Suppose a person's annual salary is directly proportional to the number of years he or she has spent in school. What do you think this means? Could you determine the constant of proportionality? What information would you need to do so? If you wrote a linear equation to represent this relationship, what would be the slope and y−intercept? In this Concept, you'll learn all about direct variation so you can answer these types of questions.
At the local farmer’s market, you saw someone purchase 5 pounds of strawberries and pay $12.50. You want to buy strawberries too, but you want only 2 pounds. How much would you expect to pay?
This situation is an example of a direct variation. You would expect that the strawberries are priced on a “per pound” basis, and that if you buy two-fifths of the amount of strawberries, you would pay two-fifths of $12.50 for your strawberries, or $5.00. Similarly, if you bought 10 pounds of strawberries (twice the amount), you would pay $25.00 (twice $12.50), and if you did not buy any strawberries you would pay nothing.
Direct variation can be expressed as the equation y=(k)x, where k is called the constant of proportionality.
Direct variation occurs when:
- The fraction riserun or change in ychange in x is always the same, and
- The ordered pair (0, 0) is a solution to the equation.
If y varies directly with x according to the relationship y=k⋅x, and y=7.5 when x=2.5, determine the constant of proportionality, k.
Solution: We can solve for the constant of proportionality using substitution.
Substitute x=2.5 and y=7.5 into the equation y=k⋅x.
220.127.116.11=k(2.5)=k=3Divide both sides by 2.5.
The constant of variation (or the constant of proportionality) is 3.
You can use this information to graph this direct variation situation. Remember that all direct variation situations cross the origin. You can plot the ordered pair (0, 0) and use the constant of variation as your slope.
Explain why each of the following equations are not examples of direct variation.
Solution: In equation 1, the variable is in the denominator of the fraction, violating the definition.
In equation 2, there is a y−intercept of –1, violating the definition.
In equation 3, there is also a y−intercept, violating the definition.
Translating a Sentence into a Direct Variation Equation
Direct variation equations use the same phrase to give the reader a clue. The phrase is either “directly proportional” or “varies directly.”
The area of a square varies directly as the square of its side.
Solution: The first variable you encounter is “area.” Think of this as your y. The phrase “varies directly” means =(k)×. The second variable is “square of its side.” Call this letter s.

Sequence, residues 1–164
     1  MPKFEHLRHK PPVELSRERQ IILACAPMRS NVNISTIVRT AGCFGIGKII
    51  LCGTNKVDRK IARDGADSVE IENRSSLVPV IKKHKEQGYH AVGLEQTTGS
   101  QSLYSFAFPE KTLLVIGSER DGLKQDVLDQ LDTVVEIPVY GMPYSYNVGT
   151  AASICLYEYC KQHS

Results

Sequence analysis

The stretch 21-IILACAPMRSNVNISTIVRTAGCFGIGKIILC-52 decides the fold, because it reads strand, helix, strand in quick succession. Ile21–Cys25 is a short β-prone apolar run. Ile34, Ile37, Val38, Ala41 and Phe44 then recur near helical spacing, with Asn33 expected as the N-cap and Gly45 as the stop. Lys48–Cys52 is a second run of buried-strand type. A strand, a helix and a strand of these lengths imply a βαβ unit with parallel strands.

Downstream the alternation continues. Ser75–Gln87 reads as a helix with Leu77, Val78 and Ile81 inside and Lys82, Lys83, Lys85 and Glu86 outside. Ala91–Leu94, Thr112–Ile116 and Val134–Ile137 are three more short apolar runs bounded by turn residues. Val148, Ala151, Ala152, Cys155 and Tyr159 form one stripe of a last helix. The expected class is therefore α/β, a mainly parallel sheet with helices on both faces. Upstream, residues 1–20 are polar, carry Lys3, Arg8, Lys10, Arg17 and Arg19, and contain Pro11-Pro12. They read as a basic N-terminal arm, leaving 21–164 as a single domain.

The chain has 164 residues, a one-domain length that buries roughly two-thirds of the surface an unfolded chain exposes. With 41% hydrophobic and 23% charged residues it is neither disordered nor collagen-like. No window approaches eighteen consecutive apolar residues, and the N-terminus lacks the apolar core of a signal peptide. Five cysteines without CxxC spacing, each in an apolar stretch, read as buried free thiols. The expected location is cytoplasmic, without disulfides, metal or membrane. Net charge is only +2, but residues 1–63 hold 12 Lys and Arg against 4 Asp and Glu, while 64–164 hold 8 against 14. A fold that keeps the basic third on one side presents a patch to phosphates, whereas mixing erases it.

Now translate into an equation: y=(k)×s2.
You’ve written your first direct variation equation.
The distance you travel is directly proportional to the time you have been traveling. Write this situation as a direct variation equation.
The first variable is distance; call it d. The second variable is the time you have been traveling; call it t. Apply the direct variation definition:
Sample explanations for some of the practice exercises below are available by viewing the following video. Note that there is not always a match between the number of the practice exercise in the video and the number of the practice exercise listed in the following exercise set. However, the practice exercise is the same in both. CK-12 Basic Algebra: Direct Variation Models (11:11)
- Describe direct variation.
- What is the formula for direct variation? What does k represent?
Translate the following direct variation situations into equations. Choose appropriate letters to represent the varying quantities.
- The amount of money you earn is directly proportional to the number of hours you work.
- The weight of an object on the Moon varies directly with its weight on Earth.
- The volume of a gas is directly proportional to its temperature in Kelvin.
- The number of people served varies directly with the amount of ground meat used to make burgers.
- The amount of a purchase varies directly with the number of pounds of peaches.
Explain why each equation is not an example of direct variation.
Graph the following direct variation equations.
- Is y=6x−2 an example of direct variation? Explain your answer.
- Graph 3x+4y=48 using its intercepts.
- Graph y=23x−4.
- Solve for u:4(u+3)=3(3u−7).
- Are these lines parallel? y=12x−7 and 2y=x+2
- In which quadrant is (–99, 100)?
- Find the slope between (2, 0) and (3, 7).
- Evaluate if a=−3 and b=4: 1+4b2a−5b.